More Than Money
Issue #28

Who Knows You're Rich?

Table of Contents

“Not Just a Personal Decision”

A Pitch for Openness

Being open or hidden about wealth has consequences not only for our own lives, but for the lives of people we're closest to, for our communities, and for society as a whole (given that millions of people with wealth are making these choices every day).

What might happen if thousands of us who care about building a better world became more open about our resources? Not in the way advertisers would have us do it-to flaunt wealth for power, prestige, and supposed sex appeal- but in a way that opens real dialogue and is a force for healing among people of all backgrounds?

I believe this kind of openness could:

  • Give hope to people who are not rich (about human nature, about generosity) and change the culture's stereotyped views about wealth.
  • Inspire wealthy people who want to break out of the mold and do more of social benefit with their lives, but aren't sure how.
  • Challenge the myth that money just comes from hard work, thus giving people a more realistic sense of their worth, their finances, and the need for policy changes.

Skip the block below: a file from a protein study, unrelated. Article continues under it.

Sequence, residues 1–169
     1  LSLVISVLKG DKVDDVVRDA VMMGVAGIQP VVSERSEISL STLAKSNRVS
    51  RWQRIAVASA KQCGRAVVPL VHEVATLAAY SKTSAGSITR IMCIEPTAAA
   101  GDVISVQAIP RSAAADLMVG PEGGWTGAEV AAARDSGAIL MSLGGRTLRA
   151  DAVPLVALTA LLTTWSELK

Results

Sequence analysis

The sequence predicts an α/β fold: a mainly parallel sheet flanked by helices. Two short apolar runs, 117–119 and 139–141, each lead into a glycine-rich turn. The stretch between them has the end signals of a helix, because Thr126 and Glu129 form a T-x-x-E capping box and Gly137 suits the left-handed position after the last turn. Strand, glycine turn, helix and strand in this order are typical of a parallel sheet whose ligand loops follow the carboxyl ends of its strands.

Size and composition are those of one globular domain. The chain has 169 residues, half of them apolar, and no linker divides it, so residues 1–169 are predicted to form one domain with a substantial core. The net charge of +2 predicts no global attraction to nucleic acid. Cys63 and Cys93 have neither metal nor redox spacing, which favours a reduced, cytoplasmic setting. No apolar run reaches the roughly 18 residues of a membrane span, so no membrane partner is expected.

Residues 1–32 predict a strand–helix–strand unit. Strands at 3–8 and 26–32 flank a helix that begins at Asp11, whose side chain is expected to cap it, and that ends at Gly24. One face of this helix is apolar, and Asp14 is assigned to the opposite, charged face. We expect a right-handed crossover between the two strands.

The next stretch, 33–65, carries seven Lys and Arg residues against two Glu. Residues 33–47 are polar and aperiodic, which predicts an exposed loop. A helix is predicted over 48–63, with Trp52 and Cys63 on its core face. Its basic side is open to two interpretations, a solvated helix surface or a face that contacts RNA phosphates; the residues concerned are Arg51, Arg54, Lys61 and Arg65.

• Pave the way for more positive partnerships between people with wealth and social justice organizations.
  • Encourage people of all backgrounds to have more honest conversation about money with their family, friends, and colleagues, thus paving the way for deeper relationships.

I have tasted some these benefits. I'll never forget an African- American woman I know who was raised poor and had spent her life organizing women in poverty, who wept in appreciation when I talked with her about my own experiences with money and how they had led me to start More Than Money. We had been working closely together for a year before I dared open this conversation. She was amazed and clearly energized to discover there were rich people who actually cared. I know many people who have gained the courage to be more true to themselves (and to be bolder givers!) because I have shared my money story and encouraged them to share theirs. I'm still scared each time I'm public-I recently said no to pictures in our local paper, because I didn't want the guy at the gas pump recognizing me-but the positive consequences far outshine the risks.

How "out" to be about wealth is not a one-time decision, but a decision made hundreds of times, day in and day out. For me, the work of being open-getting through my fears, having honest conversations, listening and changing-is some of the most satisfying and potent work I do. It is a contribution towards change that is most uniquely mine to do. So come on out! There are hundreds of us here who can guide and encourage you.

by Anne Slepian

Anne Slepian is an award-winning writer, presenter, and organizer on issues of wealth and philanthropy. She and her husband, Christopher Mogil, are co-founders of More Than Money. Together, they have authored numerous publications, including Welcome to Philanthropy, We Gave Away a Fortune, and Taking Charge of Our Money, Our Values, and Our Lives.

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